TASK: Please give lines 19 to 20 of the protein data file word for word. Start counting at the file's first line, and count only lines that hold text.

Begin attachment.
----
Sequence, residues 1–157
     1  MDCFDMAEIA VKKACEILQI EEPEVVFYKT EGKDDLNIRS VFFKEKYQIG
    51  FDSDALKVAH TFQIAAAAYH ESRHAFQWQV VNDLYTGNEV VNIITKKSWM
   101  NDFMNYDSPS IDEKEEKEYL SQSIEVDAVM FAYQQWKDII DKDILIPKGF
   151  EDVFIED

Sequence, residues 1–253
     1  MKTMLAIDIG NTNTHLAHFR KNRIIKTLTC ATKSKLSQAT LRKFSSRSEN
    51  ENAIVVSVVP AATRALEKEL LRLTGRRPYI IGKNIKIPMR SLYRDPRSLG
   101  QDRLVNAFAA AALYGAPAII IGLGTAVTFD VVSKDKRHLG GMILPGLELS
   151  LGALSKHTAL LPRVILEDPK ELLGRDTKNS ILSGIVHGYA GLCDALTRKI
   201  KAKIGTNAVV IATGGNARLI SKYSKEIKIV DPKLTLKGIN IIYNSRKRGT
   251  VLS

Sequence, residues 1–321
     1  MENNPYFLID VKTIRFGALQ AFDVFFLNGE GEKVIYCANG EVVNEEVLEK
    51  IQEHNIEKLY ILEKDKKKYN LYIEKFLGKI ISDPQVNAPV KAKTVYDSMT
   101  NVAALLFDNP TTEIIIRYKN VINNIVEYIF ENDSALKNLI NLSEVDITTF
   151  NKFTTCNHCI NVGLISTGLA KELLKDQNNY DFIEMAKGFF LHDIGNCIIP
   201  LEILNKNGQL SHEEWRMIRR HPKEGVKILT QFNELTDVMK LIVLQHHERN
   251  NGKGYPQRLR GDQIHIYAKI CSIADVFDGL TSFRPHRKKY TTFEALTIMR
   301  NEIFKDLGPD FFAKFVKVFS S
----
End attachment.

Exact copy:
   251  NGKGYPQRLR GDQIHIYAKI CSIADVFDGL TSFRPHRKKY TTFEALTIMR
   301  NEIFKDLGPD FFAKFVKVFS S